I love hot chocolate. Especially in winter, I’ll make a small cup every day at work. One of the first times I did so, however, I ruined the microwave. I cranked it up to full blast, set the timer to two minutes, and walked away. Needless to say, I returned to a boiled over cup and ended up cleaning the entire microwave.
Yesterday, I made Maultaschen. It’s a German sort-of dumpling. They’re really nice when you slice them and fry them in the pan for a bit. Often, I’m impatient. I’ll turn the stove to the maximum setting, and some of them will come out burned.
This morning, after I came out of the shower, I set the hair dryer to high heat, but after a second, I had an epiphany: “No. Lower the heat. Take 20 seconds extra.” Naturally, my scalp didn’t burn, and my hair was much more tidy after I was done.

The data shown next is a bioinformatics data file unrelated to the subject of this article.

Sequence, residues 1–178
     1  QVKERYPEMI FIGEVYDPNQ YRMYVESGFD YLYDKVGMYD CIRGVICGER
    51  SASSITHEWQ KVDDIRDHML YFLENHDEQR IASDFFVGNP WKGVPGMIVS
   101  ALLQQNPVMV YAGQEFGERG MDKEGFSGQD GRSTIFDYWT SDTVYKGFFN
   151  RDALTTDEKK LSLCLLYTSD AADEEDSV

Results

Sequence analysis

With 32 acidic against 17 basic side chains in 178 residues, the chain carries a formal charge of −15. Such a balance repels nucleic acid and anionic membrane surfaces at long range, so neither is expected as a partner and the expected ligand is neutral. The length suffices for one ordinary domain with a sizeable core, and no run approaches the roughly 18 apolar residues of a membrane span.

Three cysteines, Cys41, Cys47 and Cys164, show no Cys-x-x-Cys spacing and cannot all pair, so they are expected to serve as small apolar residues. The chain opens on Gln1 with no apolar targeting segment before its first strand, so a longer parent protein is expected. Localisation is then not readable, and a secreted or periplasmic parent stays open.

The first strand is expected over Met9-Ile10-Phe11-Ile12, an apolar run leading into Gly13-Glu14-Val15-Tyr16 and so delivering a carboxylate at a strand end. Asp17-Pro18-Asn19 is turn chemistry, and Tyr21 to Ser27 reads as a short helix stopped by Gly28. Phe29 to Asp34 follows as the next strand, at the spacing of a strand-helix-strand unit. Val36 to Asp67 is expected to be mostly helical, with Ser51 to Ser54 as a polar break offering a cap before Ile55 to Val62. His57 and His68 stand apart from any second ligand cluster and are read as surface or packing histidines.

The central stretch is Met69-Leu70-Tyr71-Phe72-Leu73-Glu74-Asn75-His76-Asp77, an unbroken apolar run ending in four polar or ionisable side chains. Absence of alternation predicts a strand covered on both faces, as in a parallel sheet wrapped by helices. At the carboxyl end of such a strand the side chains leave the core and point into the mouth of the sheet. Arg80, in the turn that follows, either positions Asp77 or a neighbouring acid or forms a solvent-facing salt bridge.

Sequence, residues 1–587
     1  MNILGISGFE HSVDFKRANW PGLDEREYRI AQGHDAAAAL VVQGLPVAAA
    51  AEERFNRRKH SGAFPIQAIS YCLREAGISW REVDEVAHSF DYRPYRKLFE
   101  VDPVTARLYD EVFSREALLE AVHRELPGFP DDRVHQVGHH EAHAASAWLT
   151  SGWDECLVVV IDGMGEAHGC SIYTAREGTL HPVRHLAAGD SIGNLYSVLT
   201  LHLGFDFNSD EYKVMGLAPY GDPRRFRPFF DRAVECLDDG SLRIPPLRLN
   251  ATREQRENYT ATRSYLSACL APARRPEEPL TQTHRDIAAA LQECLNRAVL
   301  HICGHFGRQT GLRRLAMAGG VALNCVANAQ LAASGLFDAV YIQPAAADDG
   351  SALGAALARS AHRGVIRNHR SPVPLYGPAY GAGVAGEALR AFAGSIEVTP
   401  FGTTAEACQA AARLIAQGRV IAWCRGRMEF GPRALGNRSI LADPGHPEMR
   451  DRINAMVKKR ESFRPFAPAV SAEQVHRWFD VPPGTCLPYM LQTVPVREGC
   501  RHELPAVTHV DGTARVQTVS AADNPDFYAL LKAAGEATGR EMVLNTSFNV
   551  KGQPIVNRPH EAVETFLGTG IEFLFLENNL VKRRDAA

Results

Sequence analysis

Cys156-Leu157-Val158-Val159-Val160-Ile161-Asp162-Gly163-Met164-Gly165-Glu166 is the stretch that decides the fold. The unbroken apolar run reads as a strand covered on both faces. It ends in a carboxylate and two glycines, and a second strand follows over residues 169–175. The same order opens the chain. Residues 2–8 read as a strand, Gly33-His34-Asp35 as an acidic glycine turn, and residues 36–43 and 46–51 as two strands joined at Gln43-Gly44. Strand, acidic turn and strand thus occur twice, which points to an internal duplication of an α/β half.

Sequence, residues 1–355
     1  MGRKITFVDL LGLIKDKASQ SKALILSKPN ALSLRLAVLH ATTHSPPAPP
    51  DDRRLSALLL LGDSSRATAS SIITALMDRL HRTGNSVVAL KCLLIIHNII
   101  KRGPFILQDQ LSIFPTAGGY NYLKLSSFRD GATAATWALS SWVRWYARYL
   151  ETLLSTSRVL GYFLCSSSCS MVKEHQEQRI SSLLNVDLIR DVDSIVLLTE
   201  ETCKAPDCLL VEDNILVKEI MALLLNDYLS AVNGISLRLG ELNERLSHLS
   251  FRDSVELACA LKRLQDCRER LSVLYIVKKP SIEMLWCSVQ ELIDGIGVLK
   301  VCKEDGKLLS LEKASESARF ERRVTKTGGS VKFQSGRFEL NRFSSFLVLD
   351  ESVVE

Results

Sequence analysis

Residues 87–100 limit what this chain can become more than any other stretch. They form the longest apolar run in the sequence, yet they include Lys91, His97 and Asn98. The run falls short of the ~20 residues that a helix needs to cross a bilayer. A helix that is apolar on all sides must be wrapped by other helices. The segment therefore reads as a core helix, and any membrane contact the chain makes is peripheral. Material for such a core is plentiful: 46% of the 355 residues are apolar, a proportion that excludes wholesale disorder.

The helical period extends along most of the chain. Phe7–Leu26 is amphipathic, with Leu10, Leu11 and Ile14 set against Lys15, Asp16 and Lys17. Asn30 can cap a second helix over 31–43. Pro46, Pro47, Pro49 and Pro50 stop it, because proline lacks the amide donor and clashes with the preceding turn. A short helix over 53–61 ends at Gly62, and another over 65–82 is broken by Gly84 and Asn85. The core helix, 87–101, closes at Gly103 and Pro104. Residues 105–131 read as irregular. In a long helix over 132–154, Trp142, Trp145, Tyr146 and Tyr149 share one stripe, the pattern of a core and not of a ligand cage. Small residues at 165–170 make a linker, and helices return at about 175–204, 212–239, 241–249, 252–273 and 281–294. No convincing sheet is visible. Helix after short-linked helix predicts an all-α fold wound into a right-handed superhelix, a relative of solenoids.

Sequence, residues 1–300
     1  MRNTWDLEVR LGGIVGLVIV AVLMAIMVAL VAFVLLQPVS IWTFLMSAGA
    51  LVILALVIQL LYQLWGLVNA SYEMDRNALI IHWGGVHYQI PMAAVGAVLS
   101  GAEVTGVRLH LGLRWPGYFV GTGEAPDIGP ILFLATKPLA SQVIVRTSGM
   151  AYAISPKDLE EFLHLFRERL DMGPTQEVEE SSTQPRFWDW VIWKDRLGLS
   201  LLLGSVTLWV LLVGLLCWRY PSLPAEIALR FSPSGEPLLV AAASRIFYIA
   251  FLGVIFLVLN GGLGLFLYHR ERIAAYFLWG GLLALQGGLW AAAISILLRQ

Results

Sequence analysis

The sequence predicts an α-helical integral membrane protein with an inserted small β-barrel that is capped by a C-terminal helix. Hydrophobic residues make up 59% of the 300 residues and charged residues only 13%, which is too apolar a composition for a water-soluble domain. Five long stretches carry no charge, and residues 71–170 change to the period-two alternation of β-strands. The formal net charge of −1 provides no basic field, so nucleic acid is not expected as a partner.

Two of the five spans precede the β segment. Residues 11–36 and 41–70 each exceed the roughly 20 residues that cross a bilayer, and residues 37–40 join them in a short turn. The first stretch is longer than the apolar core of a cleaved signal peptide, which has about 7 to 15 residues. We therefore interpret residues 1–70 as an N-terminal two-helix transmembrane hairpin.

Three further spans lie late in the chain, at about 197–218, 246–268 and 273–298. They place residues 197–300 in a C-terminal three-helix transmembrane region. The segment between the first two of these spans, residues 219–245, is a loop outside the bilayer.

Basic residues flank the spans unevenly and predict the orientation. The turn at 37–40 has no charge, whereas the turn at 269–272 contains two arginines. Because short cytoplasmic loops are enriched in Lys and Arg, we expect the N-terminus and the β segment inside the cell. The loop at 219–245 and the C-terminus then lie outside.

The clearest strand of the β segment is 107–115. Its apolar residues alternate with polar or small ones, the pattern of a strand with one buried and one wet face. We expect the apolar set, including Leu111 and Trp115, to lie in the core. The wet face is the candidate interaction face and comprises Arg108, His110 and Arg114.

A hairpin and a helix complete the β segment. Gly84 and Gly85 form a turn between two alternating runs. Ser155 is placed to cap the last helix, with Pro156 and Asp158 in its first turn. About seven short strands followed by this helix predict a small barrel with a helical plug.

What all these things have in common is that intensity leads to a quicker result, but it’s not the result you truly want and, in some cases, outright disaster.
If you fire up the microwave all the way and stop watching it for a second, your milk will boil over. If you throw dumplings into a searing hot pan, they’ll burn on the outside but stay cold on the inside. And if you dry your hair in a 100-degree wind tunnel, your head will hurt and your hair will look fuzzy.
So lower the heat. Take 20 seconds extra. Or two minutes. However long it takes.
Some things in life can only be done slowly — building a career, attaining mastery, forming a relationship — but that’s not a good reason to take out our frustration on the little things by cutting corners wherever we can. In the end, even those shortcuts often come back around to bite us.
Lower the heat. Give yourself time. Do things once but right, and try not to spill the milk.